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As per the previous Meta post Stack Overflow Is, the old What Stack Overflow Is Not question has been deleted.

It was pointed out to me this morning that there was a link to the now non-existant page in one of my answers, and the OP from that went and composed a question which was promptly closed as a duplicate.

However we now potentially have a massive amount of link rot, including ironically in the Stack Overflow Is post. Is there any way for these redundant links to be identified, and if so can they be automatically fixed?

Update: using the query provided by Mark in the comments I will find any remaining references and either remove them or change the link to point to the appropriate place in the FAQ.

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Posts containing a link to the deleted post – user149432 Jul 11 '12 at 0:41
Unless the links to WSOiN were added in [a lot of] answers, I don't see an issue. Comments aren't as important for link rot, if you asked me. – Makoto Jul 11 '12 at 0:50
Thanks @Mark, that's easily modifiable to search SO for the same link - I see that a) there isn't as many links as I first thought, and b) there are fewer links on SO than Meta. It's a small enough list for me to work my way through it and fix it myself. – slugster Jul 11 '12 at 0:55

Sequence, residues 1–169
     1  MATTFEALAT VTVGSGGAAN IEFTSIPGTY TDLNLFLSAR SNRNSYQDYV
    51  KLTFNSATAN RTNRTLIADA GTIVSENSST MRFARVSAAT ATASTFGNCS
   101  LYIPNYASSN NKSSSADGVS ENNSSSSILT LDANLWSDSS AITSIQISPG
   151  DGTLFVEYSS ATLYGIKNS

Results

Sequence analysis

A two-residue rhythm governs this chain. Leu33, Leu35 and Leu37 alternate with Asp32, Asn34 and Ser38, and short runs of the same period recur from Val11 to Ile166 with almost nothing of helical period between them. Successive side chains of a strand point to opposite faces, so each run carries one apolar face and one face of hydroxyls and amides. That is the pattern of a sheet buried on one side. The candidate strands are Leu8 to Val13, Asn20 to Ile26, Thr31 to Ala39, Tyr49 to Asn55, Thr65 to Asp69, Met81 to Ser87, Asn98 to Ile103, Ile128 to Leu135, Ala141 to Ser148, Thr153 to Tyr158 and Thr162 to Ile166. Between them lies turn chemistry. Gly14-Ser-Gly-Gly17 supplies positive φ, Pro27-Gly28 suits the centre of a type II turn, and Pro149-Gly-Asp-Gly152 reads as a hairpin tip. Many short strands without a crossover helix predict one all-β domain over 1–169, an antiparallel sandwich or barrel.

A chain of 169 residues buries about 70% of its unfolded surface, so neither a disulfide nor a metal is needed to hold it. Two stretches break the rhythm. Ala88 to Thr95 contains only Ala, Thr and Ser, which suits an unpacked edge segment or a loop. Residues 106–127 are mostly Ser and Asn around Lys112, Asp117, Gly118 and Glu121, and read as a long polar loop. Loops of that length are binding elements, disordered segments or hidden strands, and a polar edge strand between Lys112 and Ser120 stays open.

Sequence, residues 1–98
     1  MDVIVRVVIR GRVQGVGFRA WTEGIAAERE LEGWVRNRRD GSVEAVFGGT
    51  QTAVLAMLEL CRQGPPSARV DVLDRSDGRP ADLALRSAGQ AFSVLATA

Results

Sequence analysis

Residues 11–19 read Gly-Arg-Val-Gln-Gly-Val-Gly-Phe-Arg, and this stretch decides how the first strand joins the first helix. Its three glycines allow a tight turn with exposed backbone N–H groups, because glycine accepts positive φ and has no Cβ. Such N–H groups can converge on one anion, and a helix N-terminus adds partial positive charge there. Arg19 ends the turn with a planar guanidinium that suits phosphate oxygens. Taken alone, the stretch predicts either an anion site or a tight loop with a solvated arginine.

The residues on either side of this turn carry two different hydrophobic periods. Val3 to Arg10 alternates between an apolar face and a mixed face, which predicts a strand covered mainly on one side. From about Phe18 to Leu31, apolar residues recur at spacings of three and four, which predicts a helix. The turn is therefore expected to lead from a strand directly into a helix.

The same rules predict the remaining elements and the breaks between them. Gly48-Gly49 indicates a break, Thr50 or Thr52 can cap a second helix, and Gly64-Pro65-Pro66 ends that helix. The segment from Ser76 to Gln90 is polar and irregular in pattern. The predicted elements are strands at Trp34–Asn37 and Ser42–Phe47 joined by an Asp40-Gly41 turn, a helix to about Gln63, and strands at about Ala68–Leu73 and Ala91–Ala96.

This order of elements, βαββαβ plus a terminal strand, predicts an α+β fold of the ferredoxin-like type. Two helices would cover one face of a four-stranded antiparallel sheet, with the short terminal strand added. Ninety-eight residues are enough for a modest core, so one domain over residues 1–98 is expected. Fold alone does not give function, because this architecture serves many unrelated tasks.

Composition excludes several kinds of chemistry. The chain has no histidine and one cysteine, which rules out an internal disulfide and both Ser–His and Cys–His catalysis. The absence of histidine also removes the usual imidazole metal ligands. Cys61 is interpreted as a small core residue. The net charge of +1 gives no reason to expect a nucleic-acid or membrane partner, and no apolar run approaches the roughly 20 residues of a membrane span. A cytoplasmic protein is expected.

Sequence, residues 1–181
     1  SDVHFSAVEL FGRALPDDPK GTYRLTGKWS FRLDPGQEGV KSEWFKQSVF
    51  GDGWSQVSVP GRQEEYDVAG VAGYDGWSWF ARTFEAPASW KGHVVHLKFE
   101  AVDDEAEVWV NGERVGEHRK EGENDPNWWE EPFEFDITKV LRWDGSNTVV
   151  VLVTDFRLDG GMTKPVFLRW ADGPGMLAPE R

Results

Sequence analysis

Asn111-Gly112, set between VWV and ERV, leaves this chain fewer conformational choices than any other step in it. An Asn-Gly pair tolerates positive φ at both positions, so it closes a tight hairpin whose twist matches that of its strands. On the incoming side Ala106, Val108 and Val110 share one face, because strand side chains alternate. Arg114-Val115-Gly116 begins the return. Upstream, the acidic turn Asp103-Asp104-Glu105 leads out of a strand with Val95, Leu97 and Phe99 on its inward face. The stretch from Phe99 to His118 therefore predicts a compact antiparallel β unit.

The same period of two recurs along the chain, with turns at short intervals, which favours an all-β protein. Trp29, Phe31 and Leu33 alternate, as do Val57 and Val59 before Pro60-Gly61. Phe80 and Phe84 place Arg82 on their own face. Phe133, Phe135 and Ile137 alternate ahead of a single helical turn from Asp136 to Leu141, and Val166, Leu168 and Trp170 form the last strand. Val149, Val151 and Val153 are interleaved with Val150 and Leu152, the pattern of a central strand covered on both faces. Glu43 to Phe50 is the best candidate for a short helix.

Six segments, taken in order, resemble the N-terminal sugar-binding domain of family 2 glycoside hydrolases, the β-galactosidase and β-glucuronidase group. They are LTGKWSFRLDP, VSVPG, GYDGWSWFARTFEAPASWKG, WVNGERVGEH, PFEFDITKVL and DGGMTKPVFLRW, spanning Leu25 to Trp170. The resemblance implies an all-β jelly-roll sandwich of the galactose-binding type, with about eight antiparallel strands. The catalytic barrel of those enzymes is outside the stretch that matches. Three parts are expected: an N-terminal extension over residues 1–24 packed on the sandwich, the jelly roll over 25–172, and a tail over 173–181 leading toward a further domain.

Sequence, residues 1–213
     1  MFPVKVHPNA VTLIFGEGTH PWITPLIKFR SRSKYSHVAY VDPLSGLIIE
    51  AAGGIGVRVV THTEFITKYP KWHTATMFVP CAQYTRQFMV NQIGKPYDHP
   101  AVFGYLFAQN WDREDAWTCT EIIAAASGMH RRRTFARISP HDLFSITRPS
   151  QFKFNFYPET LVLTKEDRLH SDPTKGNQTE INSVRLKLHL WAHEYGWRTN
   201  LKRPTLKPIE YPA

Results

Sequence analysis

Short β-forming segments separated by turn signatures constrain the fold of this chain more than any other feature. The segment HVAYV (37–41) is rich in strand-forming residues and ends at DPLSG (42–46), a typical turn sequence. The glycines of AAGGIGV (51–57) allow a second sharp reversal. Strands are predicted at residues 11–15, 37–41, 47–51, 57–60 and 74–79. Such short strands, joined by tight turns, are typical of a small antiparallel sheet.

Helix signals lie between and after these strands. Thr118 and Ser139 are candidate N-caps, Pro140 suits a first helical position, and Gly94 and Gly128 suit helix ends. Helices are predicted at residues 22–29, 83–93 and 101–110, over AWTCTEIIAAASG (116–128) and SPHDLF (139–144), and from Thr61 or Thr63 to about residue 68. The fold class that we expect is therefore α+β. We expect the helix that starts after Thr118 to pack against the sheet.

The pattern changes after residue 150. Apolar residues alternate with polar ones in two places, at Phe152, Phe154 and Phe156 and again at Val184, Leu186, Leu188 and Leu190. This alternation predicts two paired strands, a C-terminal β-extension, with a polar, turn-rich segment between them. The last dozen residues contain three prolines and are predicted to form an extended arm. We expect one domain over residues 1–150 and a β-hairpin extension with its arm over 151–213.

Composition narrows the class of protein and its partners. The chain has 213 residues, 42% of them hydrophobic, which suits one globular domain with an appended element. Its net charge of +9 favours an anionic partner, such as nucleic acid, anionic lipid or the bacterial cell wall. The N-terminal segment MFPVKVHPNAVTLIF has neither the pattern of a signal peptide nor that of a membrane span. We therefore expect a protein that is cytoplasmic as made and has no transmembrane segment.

There's no issue with the rot in WSOIs, those comments were just there as examples. Even de-linking them won't make a diff. – Manishearth Jul 11 '12 at 1:10
@Makoto IIRC the comments were mostly bulk removed (because they were the problem anyway, not as much the post itself) – Ben Brocka Jul 11 '12 at 2:22

1 Answer 1

up vote 4 down vote accepted

It's not really massive - I deleted a lot of the references to the post along with the post itself. That said, there are still plenty of them around... Which offers a good opportunity to toss away the crutch.

In the specific instance that brought this to your attention, your answer referenced another answer that... Was not terribly specific to the question being answered.

Indeed, the author you were responding to had already seen that link, as someone had posted it as a comment on his question the day before. Presumably he was asking on Meta because it hadn't answered anything for him - tossing him another link didn't accomplish much.

Contrast with the other answer, which tackles his specific question head on and offers some constructive advice for avoiding problems...

Breaking these links allows the comments / posts referencing them to fail fast and hopefully get fixed.

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